The MS Society appreciates the service we provide and we appreciate the service and training opportunity. My thanks go to all the volunteers in this event.
The new Multnomah County ARES ID card has final approval from Joe Rizzi, Emergency Manager. Cards will be issued at this month’s meeting by Garrett AF7RF and background check forms and pictures will be obtained where needed.
Garrett reports that the state “Red Card” system may be operational again and he will be working with them regarding the Multnomah County data base.
For me the path down the dark side started with two simultaneous events early in 2010. My grandfather passed and a car ran into my house. Hello? The ramifications of this drama were twofold: I inherited my grandfather’s HF radio and I became very interested in personal preparedness.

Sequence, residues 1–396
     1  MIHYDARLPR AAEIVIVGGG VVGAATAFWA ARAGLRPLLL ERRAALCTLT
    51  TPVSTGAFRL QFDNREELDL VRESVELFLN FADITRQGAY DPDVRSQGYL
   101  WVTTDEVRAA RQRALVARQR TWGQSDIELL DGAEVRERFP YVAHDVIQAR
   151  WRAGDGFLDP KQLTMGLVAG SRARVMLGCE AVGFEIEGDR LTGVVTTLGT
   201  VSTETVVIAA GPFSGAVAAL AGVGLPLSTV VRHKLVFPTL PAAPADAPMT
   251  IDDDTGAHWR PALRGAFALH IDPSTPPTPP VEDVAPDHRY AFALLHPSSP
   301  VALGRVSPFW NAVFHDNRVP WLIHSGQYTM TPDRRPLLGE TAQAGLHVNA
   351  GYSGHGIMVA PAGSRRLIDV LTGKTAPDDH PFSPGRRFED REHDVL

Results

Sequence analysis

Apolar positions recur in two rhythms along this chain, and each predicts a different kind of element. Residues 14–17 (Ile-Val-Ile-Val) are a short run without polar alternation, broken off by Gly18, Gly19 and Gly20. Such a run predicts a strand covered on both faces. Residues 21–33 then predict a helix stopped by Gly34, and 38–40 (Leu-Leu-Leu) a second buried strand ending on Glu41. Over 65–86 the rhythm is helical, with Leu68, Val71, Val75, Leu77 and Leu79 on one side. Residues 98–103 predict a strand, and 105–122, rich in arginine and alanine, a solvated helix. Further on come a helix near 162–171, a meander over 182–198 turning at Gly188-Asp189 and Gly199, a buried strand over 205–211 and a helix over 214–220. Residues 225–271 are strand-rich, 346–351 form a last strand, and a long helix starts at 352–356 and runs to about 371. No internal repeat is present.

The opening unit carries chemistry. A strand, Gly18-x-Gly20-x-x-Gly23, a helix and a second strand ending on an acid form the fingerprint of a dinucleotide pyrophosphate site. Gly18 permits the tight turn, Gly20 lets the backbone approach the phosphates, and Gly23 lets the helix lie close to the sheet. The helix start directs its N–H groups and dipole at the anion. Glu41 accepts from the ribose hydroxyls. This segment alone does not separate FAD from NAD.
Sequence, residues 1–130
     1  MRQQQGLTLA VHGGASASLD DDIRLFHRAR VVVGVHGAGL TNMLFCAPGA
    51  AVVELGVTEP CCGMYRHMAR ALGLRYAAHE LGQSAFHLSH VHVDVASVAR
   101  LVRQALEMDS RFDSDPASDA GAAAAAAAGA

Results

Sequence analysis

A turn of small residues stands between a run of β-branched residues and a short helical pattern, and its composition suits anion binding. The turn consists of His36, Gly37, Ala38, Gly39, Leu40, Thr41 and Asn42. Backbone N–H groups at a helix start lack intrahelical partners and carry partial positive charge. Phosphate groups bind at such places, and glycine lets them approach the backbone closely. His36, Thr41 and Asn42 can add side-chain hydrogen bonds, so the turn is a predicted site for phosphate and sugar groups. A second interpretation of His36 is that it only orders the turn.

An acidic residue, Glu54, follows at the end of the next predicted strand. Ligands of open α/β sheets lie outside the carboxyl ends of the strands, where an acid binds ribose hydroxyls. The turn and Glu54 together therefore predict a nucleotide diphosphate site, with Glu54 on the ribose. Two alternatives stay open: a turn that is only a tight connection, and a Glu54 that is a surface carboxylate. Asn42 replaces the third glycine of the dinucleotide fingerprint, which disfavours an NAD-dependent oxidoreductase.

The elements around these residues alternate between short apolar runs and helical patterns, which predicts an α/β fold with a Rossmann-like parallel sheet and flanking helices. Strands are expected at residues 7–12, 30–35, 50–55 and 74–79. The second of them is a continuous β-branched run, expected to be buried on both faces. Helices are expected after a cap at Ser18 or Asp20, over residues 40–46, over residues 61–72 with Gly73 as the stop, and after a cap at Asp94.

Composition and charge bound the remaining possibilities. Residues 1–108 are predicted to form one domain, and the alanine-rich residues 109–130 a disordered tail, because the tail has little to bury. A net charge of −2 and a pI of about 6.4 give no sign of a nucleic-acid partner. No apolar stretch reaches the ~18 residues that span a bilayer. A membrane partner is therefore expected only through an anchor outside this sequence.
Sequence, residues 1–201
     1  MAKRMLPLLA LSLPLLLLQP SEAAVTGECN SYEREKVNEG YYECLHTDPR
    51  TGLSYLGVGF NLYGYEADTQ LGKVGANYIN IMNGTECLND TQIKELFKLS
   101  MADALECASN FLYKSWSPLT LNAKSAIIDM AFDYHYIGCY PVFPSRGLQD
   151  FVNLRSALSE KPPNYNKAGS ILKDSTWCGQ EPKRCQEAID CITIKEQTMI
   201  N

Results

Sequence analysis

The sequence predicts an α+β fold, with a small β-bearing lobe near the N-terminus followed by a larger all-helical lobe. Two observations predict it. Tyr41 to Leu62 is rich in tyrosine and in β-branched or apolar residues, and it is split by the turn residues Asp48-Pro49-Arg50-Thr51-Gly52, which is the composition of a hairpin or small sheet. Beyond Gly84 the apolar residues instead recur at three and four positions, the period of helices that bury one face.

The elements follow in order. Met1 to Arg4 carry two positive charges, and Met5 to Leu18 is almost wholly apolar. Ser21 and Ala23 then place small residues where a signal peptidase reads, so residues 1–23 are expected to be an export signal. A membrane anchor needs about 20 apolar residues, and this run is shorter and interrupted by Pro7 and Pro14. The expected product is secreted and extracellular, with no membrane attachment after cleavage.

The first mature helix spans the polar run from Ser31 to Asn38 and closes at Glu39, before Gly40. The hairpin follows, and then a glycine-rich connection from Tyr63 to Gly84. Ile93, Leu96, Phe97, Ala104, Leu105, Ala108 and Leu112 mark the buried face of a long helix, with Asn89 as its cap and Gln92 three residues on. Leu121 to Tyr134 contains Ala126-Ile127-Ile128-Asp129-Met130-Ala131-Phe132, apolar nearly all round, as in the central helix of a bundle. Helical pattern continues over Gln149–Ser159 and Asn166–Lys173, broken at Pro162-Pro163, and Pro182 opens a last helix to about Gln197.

With that motivation, I took the technical and general tests simultaneously and joined the Portland NET program. Quickly I learned about ARES and joined this great organization and have been an active member for about three years now. I’m a real ham. I contest, chase DX, am serious about Field Day and do a lot of experimentation with digital modes like HF Digital Voice, JT65, and FM satellite work. I’ve been very active in setting up local RMS gateways at various locations around town and enjoy all the exciting features of modern APRS functionality. I enjoy learning new things, technical things, but I tend to get bored with something after I’ve figured it out. I’m often reading about the next cool thing it seems like…